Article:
Scheduled corrective maintenance is a good idea for systems critical to your operations.

Take, for instance, an electrical power distribution system or a cooling system in a manufacturing plant.

It is important to plan regular inspections and maintenance schedules to keep such critical equipment performing optimally and reduce the risk of potential failures that could otherwise lead to catastrophic and costly outcomes.

Scheduled corrective maintenance can also help prevent problems from occurring in the first place by identifying potential issues early on and helping your maintenance teams resolve them before they become major problems.

Unscheduled corrective maintenance is performed in cases where:

  • The equipment isn't working the way the manufacturer intended.
  • If you notice a difference in equipment performance from normal standards. This could indicate wear on some parts, which may need replacing sooner rather than later if they are not performing up to their usual capacity.

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We've built just the thing.

What are the benefits of corrective maintenance?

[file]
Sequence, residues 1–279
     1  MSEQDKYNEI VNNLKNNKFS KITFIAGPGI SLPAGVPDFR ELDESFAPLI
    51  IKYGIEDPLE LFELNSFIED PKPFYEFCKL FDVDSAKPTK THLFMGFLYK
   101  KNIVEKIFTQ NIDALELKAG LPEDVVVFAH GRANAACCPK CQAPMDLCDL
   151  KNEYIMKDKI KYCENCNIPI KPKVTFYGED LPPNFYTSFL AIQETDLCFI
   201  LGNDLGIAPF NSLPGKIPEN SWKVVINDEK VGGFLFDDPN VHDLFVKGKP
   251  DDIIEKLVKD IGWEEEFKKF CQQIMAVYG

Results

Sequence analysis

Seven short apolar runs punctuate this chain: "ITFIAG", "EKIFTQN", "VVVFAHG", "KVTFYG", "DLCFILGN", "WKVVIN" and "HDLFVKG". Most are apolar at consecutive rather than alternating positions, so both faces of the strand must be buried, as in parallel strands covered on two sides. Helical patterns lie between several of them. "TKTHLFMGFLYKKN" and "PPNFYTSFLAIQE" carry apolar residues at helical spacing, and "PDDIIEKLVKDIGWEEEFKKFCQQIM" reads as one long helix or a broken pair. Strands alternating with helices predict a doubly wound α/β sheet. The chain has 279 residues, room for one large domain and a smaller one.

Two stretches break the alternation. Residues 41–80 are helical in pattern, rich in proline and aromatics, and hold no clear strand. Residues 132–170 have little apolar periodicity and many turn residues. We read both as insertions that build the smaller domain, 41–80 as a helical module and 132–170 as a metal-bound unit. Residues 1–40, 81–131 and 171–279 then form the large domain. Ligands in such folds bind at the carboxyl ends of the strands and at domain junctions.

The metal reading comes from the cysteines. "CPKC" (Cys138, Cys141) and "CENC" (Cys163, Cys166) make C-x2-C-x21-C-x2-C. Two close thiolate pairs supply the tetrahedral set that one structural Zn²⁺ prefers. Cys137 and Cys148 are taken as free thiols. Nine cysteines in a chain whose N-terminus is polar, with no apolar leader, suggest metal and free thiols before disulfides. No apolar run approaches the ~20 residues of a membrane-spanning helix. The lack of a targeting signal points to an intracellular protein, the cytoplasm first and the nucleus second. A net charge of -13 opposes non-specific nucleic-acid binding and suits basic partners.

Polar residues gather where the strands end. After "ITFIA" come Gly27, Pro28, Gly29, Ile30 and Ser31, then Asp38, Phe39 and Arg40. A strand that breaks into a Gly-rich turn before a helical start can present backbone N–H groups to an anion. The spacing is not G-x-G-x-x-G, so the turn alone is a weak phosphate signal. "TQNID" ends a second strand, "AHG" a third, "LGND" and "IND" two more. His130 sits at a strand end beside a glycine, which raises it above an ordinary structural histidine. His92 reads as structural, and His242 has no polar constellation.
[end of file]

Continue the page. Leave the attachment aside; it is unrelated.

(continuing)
Corrective maintenance is often the first step in troubleshooting problems with a new machine.

It can reveal if there are any issues with the process itself or its setup that need to be addressed before moving on to more advanced troubleshooting techniques.

Its main advantages are:

  • Easy to implement with no planning required
  • Perfect for inexpensive parts or equipment
  • Saves maintenance costs on planned tasks that require technicians to inspect the equipment, whether or not they need it.

What are the disadvantages of corrective maintenance?

In the long term, corrective maintenance adds up to be much more expensive than any other maintenance.

Since this type of work is not planned and there's less time to prepare, you may pay overtime wages or pay a contractor at higher rates.

Additionally, you'll likely lose some productive hours.

For instance, if you have a production line where each worker has multiple tasks during their shift, those tasks may hang up as workers wait for corrective actions or replacement parts from outside suppliers.

The main disadvantages of corrective maintenance are:

  • It is not cost-efficient in the long run
  • It results in increased equipment downtime
  • It makes resource and inventory planning difficult
  • It brings more safety risks when compared to preventive maintenance

How can you reduce corrective maintenance?

The more frequently an asset breaks down, the more expensive it becomes to operate.

It is essential to track faults, breakdowns, and maintenance work closely so that when something goes wrong, expert technicians can refer to the asset history to understand possible causes and efficient fixes.